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KOMO reports that a "homeless man" was arrested by the Seattle Police Department "for attacking [a] father, [and] daughter" who were walking on 3rd Avenue toward the Cinerama. If they were heading to that cinema on Sunday, June 17 (the day of the incident), then their plan was to watch Incredibles 2, an animated film about a family of superheroes. The father and daughter were attacked by the homeless man for no good reason at all, claims KOMO. The homeless man was “acting erratic and aggressive.” Then something bad happened that might have involved a knife, and did involve a baton (a head was hit by it). The homeless man left the scene, and was later identified and arrested.

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KOMO is, of course, owned by The Sinclair Broadcasting Group, which is a conservative organization that owns lots of TV stations in the US. To give one example of its pro-rich agenda, SBG recently forced its TV stations to air a two-minute segment that defended what in essence is indefensible, Trump's family separation policy. So, it's not a surprise that it's running stories about crimes related to the homeless. The rich hate these people, and they want the productive members of their society to feel the same way about them. But let's go a little deeper into this hate. Let's take a dip.

The KOMO article on the homeless attacker also points out that this is the third such attack—an attack by a homeless person—in Seattle "in a month," and that our city's government, which is run by liberals, is doing next to nothing about this terrible and escalating crisis. Though KOMO has basically become a propaganda machine for the party of Trump, it isn't doing anything new or exceptional by generating hate for the poor and indigent.

Hatred of the rich is actually a very natural feeling. It springs from an innate sense of equality. The hatred of the poor is not obvious. It must be manufactured or culturally engineered (which is what I call social engineering). If you go into the human body, you will find that the feeling of equality is old and deep and forms the root of our animal's form of morality (my essay on Larry Clark's film Bully explains this hypothesis, which is backed by the evolutionary anthropology of Christopher Boehm).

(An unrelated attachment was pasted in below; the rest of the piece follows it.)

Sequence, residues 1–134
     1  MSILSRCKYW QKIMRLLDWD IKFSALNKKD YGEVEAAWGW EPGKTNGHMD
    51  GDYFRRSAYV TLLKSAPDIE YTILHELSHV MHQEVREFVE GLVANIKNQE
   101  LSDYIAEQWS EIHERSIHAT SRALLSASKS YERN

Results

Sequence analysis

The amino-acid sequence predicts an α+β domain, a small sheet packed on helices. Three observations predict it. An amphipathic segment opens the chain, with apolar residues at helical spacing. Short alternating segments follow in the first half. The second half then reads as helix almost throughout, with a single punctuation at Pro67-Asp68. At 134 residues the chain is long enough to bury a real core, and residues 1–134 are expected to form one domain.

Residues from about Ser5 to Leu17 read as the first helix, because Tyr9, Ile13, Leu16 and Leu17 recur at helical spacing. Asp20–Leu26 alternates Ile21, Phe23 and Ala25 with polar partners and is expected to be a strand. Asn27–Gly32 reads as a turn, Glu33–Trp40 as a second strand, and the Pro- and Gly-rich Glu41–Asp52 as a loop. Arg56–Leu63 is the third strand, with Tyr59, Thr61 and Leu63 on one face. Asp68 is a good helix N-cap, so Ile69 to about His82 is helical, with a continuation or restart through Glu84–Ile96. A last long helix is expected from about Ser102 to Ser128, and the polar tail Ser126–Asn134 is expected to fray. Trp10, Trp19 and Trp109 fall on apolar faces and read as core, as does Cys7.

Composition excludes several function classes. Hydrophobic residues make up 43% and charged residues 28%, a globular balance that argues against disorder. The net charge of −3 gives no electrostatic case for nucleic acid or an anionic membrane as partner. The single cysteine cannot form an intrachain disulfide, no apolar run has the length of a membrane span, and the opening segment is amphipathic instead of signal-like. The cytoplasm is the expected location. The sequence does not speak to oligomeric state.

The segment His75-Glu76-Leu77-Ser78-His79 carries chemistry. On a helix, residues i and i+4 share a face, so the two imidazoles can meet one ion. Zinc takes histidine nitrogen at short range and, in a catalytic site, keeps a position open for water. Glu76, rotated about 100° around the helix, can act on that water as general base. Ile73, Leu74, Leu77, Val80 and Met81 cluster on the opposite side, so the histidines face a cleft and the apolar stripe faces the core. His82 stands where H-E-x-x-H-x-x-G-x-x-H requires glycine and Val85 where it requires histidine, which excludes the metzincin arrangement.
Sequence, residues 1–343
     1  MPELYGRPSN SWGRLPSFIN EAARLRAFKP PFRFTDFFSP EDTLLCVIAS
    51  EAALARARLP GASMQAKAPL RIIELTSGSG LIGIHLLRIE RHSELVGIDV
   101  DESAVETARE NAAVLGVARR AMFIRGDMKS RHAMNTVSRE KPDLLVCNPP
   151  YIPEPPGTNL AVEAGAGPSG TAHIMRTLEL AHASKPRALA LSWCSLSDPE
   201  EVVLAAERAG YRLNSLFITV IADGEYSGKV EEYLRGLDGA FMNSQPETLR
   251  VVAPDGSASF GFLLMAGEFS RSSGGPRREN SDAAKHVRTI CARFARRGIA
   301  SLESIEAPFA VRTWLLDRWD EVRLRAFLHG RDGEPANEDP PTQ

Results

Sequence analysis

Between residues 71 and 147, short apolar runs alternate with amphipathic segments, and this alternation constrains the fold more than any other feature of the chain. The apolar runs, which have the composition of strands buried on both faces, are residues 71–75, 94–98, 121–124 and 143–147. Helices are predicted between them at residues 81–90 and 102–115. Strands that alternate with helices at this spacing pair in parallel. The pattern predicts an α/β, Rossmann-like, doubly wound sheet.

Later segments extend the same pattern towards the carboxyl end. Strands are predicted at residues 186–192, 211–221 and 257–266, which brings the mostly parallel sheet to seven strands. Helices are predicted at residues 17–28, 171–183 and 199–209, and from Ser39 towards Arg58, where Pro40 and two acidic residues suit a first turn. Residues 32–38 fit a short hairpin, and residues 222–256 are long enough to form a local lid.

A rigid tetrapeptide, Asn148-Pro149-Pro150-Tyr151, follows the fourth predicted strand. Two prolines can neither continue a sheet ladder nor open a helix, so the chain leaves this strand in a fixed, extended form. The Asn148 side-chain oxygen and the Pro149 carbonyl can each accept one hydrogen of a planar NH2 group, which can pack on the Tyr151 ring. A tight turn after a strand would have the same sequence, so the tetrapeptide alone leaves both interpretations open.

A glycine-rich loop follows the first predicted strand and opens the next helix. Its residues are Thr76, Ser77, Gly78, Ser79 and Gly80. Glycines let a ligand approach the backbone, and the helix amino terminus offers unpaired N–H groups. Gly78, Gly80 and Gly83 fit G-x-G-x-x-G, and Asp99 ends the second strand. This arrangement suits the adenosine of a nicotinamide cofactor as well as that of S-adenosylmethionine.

What these news stories about the horribleness of homeless people are attacking is our animal feeling of equality, which forms the basis of our sociality, which is the foundation of human cooperation. The aim of these and like stories is to replace this natural feeling with a culturally manufactured concept of poverty and homelessness as an appearance and experience that can be explained entirely by character. It is believed that, if this story is repeated enough times, it will stick, and the cultural will be confused with the natural (the human social). For the most part, those on the Right have been successful at making it stick. The GOP would not exist for a day if the natural feeling of equality was day-lighted and expressed.

It is for this reason that the most obvious foundations of our sociality are evaluated negatively. There could be no human society as we know it without, say, dependency; and yet, as the theorist Nancy Fraser explains in her book, Fortunes of Feminism, it is stigmatized. And this stigmatization, according to her, is a recent development.

She writes that "the shift from a pre-industrial patriarchal usage [of] 'dependency' [as] a non-stigmatized majority condition, to a modern industrial male-supremacist usage, which constructed a specifically feminine and highly stigmatized sense of 'dependency'” occurred only a few hundred years ago. And now in our post-welfare state period, we have a "feminized sense of 'dependency'" that "attaches to 'deviant' groups who are considered 'superfluous.'" The current habit is to associate dependency with the people on the streets and also on welfare. But the idea is not to help, but to end their dependency, to cut them off. But only a little extra thought will reveal how bizarre this is. All of the evidence shows that we are indeed the animal that would have been terribly weak if, as individuals, we were fiercely independent or very strong.

And this is nothing less than the riddle of the human in our perverted world solved. The homeless on the streets of Seattle or the penniless migrants crossing the border with their children are actually much closer to the power (indeed, the superhero powers) of our hyper-sociality, and the rich with their cult of the individual are the farthest from it. And yet, somehow, we view the homeless as deviants and the rich as heroes. What a world. What a world.